Get a job as a Construction Plant Mechanic

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What You Need to Know

  1. Construction plant mechanic install, repair and maintain all types of construction plant, including cranes, JCBs and bulldozers
  2. As a mechanic, you could work for a construction company or you could work for a plant hire firm, or you could work freelance
  3. Though you may mainly work a standard working week, you could be required to be away from home for long periods of time, depending on the project
  4. There are no formal qualifications needed, though many mechanics hold relevant certificates such as those from BTECs and City & Guilds courses
  5. You will, however, need a Construction Skills Certification Scheme (CSCS) Card before you will be allowed to work on a building site
  6. Pay for entry-level plant mechanics starts at just £12,000 a year, though senior mechanics can earn more than £40,000 a year
  7. However, the work can be physically demanding and has the potential to be dangerous 

What Do Construction Plant Mechanics Do?

Construction plant engineers work on building sites and at construction company headquarters servicing and repairing a wide range of plant machinery, including JCBs, bulldozers, cranes and cement mixers.

The work is highly varied and requires a good working knowledge of plant machinery as well as general mechanical skills. The work can also be highly varied, demanding and satisfying. Some of your day-to-day activities may include:

  • Carrying out routine inspections of plant machinery, both on and off-site, certifying what is safe to use and seeing what needs to be worked on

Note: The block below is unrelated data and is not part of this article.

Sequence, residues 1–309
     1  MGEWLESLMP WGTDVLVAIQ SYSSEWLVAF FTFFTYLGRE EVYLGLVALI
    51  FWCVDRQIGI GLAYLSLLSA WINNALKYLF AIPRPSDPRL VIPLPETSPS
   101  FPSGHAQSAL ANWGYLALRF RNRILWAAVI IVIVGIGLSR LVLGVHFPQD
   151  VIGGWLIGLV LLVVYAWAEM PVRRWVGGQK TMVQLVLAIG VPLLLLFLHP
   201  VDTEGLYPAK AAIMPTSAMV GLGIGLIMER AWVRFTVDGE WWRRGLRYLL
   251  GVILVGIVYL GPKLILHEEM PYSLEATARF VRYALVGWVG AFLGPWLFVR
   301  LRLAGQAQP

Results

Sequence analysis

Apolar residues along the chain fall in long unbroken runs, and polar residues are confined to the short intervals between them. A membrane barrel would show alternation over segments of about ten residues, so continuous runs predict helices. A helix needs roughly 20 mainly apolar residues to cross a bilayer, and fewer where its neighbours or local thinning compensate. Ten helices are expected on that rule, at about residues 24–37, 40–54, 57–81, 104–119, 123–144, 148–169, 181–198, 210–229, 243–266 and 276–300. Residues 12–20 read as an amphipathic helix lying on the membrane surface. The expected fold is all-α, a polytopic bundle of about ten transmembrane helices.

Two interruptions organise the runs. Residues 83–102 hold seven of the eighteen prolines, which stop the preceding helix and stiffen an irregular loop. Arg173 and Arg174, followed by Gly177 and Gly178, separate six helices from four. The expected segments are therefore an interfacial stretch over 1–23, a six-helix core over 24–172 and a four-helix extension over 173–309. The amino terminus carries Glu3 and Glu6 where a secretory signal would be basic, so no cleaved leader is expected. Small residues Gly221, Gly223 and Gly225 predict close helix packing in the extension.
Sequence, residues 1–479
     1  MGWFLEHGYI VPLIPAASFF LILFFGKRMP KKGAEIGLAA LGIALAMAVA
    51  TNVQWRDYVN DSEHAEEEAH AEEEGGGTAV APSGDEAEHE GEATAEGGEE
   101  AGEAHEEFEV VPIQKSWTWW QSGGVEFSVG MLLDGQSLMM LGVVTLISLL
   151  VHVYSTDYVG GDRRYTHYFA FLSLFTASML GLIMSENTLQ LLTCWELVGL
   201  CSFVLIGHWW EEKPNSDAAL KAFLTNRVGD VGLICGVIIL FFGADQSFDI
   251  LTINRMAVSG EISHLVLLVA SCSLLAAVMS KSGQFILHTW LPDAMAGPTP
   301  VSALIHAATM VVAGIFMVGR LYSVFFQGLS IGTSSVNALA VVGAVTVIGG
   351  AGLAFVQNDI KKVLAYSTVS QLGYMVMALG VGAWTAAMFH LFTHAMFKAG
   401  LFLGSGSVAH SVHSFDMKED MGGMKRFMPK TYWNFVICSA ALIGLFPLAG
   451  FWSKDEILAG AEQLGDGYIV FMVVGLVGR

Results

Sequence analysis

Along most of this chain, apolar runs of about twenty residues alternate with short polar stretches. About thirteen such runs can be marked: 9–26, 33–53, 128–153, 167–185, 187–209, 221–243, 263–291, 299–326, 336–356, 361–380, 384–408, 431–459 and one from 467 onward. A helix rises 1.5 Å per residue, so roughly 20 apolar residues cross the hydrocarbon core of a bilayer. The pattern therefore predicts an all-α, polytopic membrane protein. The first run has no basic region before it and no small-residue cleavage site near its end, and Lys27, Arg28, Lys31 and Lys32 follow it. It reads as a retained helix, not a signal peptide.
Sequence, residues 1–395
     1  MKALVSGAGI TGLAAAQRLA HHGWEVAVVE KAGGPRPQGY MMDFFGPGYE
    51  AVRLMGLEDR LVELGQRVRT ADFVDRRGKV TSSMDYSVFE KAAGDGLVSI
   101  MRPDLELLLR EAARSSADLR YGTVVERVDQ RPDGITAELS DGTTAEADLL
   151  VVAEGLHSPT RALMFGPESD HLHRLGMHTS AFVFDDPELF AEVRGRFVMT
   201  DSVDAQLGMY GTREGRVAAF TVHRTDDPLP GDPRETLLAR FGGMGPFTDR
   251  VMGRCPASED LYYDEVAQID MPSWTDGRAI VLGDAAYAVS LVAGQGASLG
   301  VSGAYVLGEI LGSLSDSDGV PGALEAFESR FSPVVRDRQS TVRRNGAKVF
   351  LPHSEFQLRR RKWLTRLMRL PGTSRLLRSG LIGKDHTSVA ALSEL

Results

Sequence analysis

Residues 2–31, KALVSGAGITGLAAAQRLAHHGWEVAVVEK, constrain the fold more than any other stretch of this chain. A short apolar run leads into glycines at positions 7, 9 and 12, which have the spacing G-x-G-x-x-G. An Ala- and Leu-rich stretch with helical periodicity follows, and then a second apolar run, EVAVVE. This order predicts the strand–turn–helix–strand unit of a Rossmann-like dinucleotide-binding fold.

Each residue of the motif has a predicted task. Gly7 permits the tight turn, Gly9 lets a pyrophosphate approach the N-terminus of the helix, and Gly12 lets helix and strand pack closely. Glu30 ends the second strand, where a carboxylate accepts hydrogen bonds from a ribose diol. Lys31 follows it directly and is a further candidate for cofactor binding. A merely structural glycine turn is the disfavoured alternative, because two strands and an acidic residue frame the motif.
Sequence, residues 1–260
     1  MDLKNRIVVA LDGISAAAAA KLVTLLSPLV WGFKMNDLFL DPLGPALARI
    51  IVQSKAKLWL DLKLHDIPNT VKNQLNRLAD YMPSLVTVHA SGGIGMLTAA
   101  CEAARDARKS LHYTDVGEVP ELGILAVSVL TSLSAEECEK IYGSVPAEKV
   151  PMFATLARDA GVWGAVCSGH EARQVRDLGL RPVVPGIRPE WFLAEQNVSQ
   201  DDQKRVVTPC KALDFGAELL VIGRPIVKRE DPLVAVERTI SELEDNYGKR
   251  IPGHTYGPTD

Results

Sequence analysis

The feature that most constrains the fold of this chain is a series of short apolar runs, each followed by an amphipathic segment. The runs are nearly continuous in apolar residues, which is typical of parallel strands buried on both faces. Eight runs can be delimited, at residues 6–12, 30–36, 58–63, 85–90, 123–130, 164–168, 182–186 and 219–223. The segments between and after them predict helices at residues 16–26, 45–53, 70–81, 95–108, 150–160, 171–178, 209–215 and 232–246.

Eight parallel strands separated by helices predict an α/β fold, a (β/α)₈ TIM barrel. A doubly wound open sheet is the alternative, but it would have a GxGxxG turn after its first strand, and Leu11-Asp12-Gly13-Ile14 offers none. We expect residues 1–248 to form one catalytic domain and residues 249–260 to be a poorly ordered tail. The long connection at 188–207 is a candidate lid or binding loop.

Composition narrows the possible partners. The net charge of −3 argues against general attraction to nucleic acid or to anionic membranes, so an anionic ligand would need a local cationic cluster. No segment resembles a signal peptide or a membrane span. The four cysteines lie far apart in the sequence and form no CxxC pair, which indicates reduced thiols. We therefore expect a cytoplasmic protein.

• Carrying out repairs of all sizes and, if necessary, replacing faulty parts
  • Working with external mechanical specialists to get machinery fixed if it can't be done on-site
  • Liaising with construction site staff of all levels and advising them on the proper and safe usage of plant machinery

As a rule, you will work a standard 40-hour-week as a construction plant mechanic. However, if a project has a strict deadline, you may be required to work evenings or weekends to ensure the work is done on time.

Skills and Qualifications

There is no one single route to becoming a construction plant mechanic. However, there are two main options open to you.

For starters, you could consider taking a vocational college course and then looking for work in the construction industry. Relevant courses on offer at colleges across the UK include:

  • BTEC National Certificate in Vehicle Technology
  • City & Guilds Vehicle Maintenance and Repair

In both cases, you may be required to have at least four good GCSEs, including a good grade in science or maths, plus you should also be able to show a keen desire to work with machines. Once you have your qualification, you will be able to apply directly to employers in the hope they will take you on in a junior capacity.

Alongside studying for a vocational qualification, you can also get into this line of work through the government's official Apprenticeship scheme. Again, you will usually be required to have a handful of good GCSEs, while an employer may also test your technical know-how before deciding to take you on. To look for opportunities in your area, visit the official Apprenticeships website. (http://www.apprenticeships.org.uk/)